Guidebook to Relative Strangers featured on The Rumpus’s “WHAT TO READ WHEN YOU WANT TO CELEBRATE MOTHERS” List

“As a working mother whose livelihood as a poet-lecturer depended on travel, Camille Dungy crisscrossed America with her infant, then toddler, intensely aware of how they are seen, not just as mother and child, but as black women. With exceptional candor and grace, Dungy explores our inner and outer worlds―the intimate and vulnerable experiences of raising a child, living with illness, conversing with strangers, and counting on others’ goodwill. Across the nation, she finds fear and trauma, and also mercy, kindness, and community. Penetrating and generous, Guidebook to Relative Strangers is an essential guide for a troubled land.”


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Camille is named a University Distinguished Professor at Colorado State University

“Her record of creative activity is simply outstanding: scores of individual poems and essays, with over 25 works selected for anthologized publication, five sole-authored collections of poetry [and prose], and three edited collections from top-tier publishers, in addition to nearly 100 public appearances at esteemed venues such as the Poetry Foundation, the Newberry Library, Stanford University and Vanderbilt University,” College of Liberal Arts Dean Ben Withers wrote in an endorsement of Dungy’s nomination. “As her selection as one of the 16 writers for the New York Times 1619 Project shows, Professor Dungy’s work brings honor and recognition to Colorado State University in ways that few faculty can match.”


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Book Recommendations: Robert Hass and Czeslaw Milosz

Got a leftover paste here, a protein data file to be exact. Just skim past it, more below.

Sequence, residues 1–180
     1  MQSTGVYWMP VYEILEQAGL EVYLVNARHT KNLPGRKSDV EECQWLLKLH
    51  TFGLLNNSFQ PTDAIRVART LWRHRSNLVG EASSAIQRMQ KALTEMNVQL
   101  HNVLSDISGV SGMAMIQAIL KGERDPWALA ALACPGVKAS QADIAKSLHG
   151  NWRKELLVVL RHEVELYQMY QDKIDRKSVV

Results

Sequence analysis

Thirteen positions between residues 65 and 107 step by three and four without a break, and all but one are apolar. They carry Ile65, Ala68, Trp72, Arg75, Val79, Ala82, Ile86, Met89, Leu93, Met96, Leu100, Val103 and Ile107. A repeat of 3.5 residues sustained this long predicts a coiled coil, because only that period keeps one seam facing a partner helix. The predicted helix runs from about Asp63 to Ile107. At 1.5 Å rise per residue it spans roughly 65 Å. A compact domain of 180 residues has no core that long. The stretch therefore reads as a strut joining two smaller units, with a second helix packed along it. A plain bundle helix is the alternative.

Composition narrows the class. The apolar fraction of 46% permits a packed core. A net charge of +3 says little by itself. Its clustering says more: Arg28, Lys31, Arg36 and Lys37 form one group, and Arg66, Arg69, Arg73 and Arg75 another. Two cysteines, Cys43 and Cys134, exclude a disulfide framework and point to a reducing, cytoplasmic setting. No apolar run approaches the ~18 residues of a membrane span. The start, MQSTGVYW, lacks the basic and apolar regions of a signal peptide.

Today’s book recommendations are a strike against social isolation. This week I found myself reading my way into community by exploring the new book, Summer Snow, by former Poet Laureate Robert Hass alongside an older collection, Unattainable Earth, by the inimitable Czeslaw Milosz.
Hass worked with Milosz to translate many of the poems in Unattainable Earth, and so that is one way I see community and communion at play in these collections. The long, stunning poem by Hass (from Summer Snow), is an imagining of a conversation between the two poets. I love thinking about how writers think about each other’s lives and minds.
Milosz himself made a point of creating such communion in Unattainable Earth. In the original Polish version of the book, Milosz translated English-language poems into Polish. In the American version of the book, in which Milosz’s own work is what we receive in translation, Milosz’s poems sit alongside English-language masterpieces by poets such as D. H. Lawrence and Walt Whitman. 
Just because we’re staying at home doesn’t mean we can’t hang out together. I am grateful to Hass and Milosz for these examples of what happens when poets talk, think, translate, share, and imagine a world together, across continents and centuries and collections.

Camille contributes to the “The Quarantine Files” for the Los Angeles Review of Books

“Last winter, I hardly left the house because it was dangerously cold outside. Sheets of thin ice covered walkways. People — worried about landing in the hospital — hardly socialized for months. There was the winter I fretted about friends and family suffering from conditions over which they and their medical teams had little control. That was the same winter my concerns flared for friends who were foreign nationals. Would my country — whose leadership had proven hostile on countless occasions — directly or indirectly take actions that might cause my friends harm? There was the winter I mourned the direction my nation had taken the past fall. The policies of the new government — and those backing the new government — no longer seemed to have the best interest of the majority of people in mind.”

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